One word or two? Psycholinguistics and sociolinguistic interpretations of meaning in a civil court case
Issue: Vol 12 No. 1 (2005)
Subject Areas: Linguistics
What relative weighting should be given to court case, to psycholinguistic and sociolinguistic explanations of an alleged offence? We review the case of an African-American plaintiff, who claimed that her receipt of work of a framed document with the title "Temporary Coon Ass Certificate" from a white mailer supervisory-level employee in the same agency constituted racial discrimination in the workplace. Dialect research conducted by JJS, as expert witness for the prosecution, demonstrated that the dialectical use of coon ass to refer to Cajuns (white settlers of French descent) was restricted to the states of Louisiana and south-eastern Texas. It was argued by the prosecution to be unreasonable to expect someone from another part of the USA to know the meaning of the word. The jury found in favour of the plaintiff. The prosecution case rested upon the premise that when a word is unknown, it will be interpreted by breaking it down into smaller units, in this case coon and ass, both derogatory terms, the former strongly racist. We explore the psycholinguistic rationale for this assumption and its converse, that when a word is well known to an individual (s)he may fail to see how it is constructed.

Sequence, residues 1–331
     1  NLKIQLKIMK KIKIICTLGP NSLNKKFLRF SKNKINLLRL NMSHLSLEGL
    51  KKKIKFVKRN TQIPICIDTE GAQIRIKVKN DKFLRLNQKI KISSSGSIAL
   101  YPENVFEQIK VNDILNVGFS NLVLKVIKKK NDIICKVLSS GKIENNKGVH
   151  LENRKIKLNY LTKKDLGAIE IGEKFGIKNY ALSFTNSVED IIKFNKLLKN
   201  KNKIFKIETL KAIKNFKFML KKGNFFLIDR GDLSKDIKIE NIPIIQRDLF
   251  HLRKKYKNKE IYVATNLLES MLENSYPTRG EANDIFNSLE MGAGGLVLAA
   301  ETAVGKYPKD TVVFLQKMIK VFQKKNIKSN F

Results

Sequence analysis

Author: Alison Wray, John J. Staczek